Final Stretch for the 2019 Annual Fund Drive As we approach the last quarter of 2019, we’re counting on you now more than ever to help us achieve our annual fund goal. Gifts to the Preserve’s Annual Fund support our mission to inspire the appreciation and use of native plants and serve as a resource for education, conservation and stewardship. We couldn’t do this important work without the generous support of donors like you. The Annual Fund is an important source of income for the Preserve. It underwrites our educational programs, gives us room to innovate and supports our nursery and propagation operations. In the past, the Annual Fund has helped pay for the Aquetong Meadow Project and, before that, the Pocket Habitats program. We’ve created habitat for wildlife and pollinators, gloriously restored beautiful Founders’ Pond, strengthened our perimeter with a deer exclusion fence, and launched an invasive species strike force to combat non-native species. We care for this special place together— for the species under our protection, the education we provide to visitors and our impact on conservation beyond our fence. Annual Fund gifts make this all possible. Gifts are acknowledged in the spring issue of the Twinleaf Newsletter and donations of $100 or more are recognized on our Annual Fund leadership board in the Visitor Center. Please donate to the Preserve’s Annual Fund today by visiting us at We can’t thank you enough for your steadfast support. 3


Curator’s Notebook Aquetong Meadow Project: Increasing Species Richness and Functional Diversity Besides nearly doubling the acreage of the Preserve’s meadows, the goal of the Aquetong Meadow Project is to increase both the species richness and functional diversity of our meadows. Some of the interesting species that are growing in the original 4-acre meadow, or will soon be growing in the 3.5-acre Aquetong Meadow addition, include: Fireweed (Chamerion angustifolium) This large-flowered, attractive and charismatic plant used to be found throughout New England and portions of the Mid-Atlantic—including virtually every Pennsylvania and New Jersey county. But it has disappeared from much if its range, including all of New Jersey and most of Pennsylvania. I have been attempting to germinate seedlings by mixing seed a friend of mine collected in the Catskill Mountains of New York with seeds I collected from plants in central Pennsylvania.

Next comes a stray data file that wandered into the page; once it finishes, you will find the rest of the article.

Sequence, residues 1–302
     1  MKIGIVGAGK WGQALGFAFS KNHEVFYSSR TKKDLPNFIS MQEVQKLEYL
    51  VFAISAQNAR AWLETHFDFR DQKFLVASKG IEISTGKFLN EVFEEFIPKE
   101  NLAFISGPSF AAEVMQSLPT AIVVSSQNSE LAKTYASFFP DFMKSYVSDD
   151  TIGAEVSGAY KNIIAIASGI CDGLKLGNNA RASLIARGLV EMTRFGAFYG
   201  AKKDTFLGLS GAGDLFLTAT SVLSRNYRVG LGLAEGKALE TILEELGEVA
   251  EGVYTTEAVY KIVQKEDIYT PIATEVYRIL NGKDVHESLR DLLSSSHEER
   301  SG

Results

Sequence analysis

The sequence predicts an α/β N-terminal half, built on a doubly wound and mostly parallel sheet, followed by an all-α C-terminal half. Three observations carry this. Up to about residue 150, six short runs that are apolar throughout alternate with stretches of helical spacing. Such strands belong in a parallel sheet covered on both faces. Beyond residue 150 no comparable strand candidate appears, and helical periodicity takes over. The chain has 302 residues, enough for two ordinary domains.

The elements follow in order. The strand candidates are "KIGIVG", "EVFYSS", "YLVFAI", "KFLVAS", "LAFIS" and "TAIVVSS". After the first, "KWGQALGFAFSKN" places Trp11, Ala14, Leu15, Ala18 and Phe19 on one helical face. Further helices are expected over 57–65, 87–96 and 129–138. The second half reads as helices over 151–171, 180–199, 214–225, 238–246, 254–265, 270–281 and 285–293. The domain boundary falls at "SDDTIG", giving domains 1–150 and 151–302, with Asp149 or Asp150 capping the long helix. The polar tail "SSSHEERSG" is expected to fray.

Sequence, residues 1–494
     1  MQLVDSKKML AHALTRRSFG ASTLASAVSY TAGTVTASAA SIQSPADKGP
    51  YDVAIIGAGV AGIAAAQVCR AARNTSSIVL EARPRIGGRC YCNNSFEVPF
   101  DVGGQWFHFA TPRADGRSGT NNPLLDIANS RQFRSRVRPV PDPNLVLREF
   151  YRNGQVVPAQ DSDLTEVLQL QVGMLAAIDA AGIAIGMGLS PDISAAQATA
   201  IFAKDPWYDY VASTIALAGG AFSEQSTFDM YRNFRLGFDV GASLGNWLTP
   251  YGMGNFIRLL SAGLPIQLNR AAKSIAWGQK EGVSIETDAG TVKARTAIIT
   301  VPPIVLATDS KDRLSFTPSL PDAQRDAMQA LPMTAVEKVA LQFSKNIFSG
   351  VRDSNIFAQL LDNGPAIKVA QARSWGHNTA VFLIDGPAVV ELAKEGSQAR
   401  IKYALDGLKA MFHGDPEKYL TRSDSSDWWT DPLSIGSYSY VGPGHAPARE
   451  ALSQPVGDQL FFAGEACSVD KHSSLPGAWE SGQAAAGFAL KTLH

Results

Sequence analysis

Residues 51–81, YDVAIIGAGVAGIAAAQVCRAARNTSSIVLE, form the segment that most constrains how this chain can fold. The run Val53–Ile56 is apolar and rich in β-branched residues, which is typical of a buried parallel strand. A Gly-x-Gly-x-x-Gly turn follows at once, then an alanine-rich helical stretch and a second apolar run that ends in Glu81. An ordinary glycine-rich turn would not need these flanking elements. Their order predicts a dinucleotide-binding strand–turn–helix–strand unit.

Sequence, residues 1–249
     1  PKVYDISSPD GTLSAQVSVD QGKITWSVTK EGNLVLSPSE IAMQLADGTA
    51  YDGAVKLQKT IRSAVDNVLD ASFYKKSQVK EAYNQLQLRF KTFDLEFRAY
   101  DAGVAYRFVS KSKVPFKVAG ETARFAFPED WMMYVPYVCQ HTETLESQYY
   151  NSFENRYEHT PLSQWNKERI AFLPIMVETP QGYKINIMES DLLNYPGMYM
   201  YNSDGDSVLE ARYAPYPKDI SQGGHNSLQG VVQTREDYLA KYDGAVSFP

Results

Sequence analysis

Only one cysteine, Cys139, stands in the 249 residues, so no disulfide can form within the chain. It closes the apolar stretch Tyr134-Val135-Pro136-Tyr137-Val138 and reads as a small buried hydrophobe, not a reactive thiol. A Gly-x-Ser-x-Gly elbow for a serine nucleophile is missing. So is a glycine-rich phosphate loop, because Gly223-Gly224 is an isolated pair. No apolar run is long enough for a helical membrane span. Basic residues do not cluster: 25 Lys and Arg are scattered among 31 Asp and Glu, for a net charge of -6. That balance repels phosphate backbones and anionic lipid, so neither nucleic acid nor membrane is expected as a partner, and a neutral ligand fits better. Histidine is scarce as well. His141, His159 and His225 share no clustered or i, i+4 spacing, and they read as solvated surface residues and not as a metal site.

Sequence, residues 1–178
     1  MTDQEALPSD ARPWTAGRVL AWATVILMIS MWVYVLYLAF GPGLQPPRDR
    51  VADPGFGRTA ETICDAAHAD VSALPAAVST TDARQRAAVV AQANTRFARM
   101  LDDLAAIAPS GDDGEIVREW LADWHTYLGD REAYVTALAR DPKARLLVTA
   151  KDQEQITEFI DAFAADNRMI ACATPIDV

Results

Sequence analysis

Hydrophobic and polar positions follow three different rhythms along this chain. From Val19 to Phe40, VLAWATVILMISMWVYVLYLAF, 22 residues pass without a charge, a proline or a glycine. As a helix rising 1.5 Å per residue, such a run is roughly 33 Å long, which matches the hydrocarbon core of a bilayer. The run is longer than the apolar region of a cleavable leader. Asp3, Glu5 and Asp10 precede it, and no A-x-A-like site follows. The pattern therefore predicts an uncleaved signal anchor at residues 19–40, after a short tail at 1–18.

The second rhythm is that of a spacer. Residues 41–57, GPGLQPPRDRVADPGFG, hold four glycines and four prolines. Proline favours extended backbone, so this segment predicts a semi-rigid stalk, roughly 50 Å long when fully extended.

merion eed (Cha




Blazing star (Liatris spicata) More common in the past, this native is holding on in certain habitats, including underneath powerlines and in preserved meadows. Although overall quite rare, it is growing in the existing meadow and has been seeded in the new meadow. It is possible to buy planting stock from Midwest nurseries, but these commercial plants are most likely a different species. Ours is from a very rare and precious ecotypefrom the Northeast. Engelmann’s verbena hybrid (Verbena X engelmannii) Adding to our verbena collection, I recently found a natural verbena hybrid named Engelmann’s verbena growing near the new pond. Attractive to multiple pollinators, including hummingbirds and butterflies, I recently transplanted the verbena specimen from around the pond to the meadows.


g star




Milkweeds: Two subspecies of swamp milkweed can be found in the existing meadow. Asclepias incarnata ssp. incarnata grows naturally in the Delaware Valley region. However, Asclepias incarnata pulchra can be found in the coastal plain. At the Preserve, however, both are present, so it is possible to compare both of them side by side. In addition, I am hoping to introduce another valuable milkweed species, red milkweed (Asclepias rubra), which—like our other milkweeds—is a food of monarch butterflies (Danaus plexippus). The coastal plain plant has disappeared from Philadelphia and Delaware counties, where it once occurred. However, I recently collected seeds from a preserve located on New Jersey’s coastal plain. It may be a longshot, but if we successfully seed the meadows, the new red milkweed plants will be an excellent educational tool to teach our visitors about the loss of plants and their habitats.

— Jason Ksepka, Curator 4

ombus sp.) a) Bumblebee (B pias incarnat ilkweed (Ascle on swamp m


Fall Plant Sale Lecture Features Kathy Salisbury Millrace and Grist Mill Both Restored Since its water flow was restored this spring, the millrace that powers the likewise restored Thompson-Neely Grist Mill has made a stroll along the millrace walkway infinitely more interesting—from both ecological and historical perspectives. Preserve visitors can now walk along a beautiful trail between the millrace and Pidcock Creek, and the grist mill is now grinding up to 500 pounds of corn or wheat per hour—just as it did when it was first built in 1830. This month, we will begin incorporating native plants into the landscape around the millrace including black elderberry (Sambucus nigra ssp. Canadensis), winged monkey flower (Mimulus alatus), swamp rose (rosa palustris) and buttonbush (Cephalanthus occidentalis). Credit significant cooperation between both the Preserve staff, volunteers, our Board of Trustees and the Friends of Washington Crossing Park (FWCP), the nonprofit group that three years ago committed itself to restoring both the millrace and the grist mill, both of which had been inoperable since the millrace failed and state park funding dried up in the mid-1980s. Leading the effort has been Glenn Blakely, a Revolutionary War re-enactor who formerly was an executive board member of the FWCP. The improvements include: Millrace: To restore the half-mile-long millrace, Blakely’s team: removed downed trees; excavated the silt-filled millrace channel; raised a portion of the walkway and laid down chipped stone; and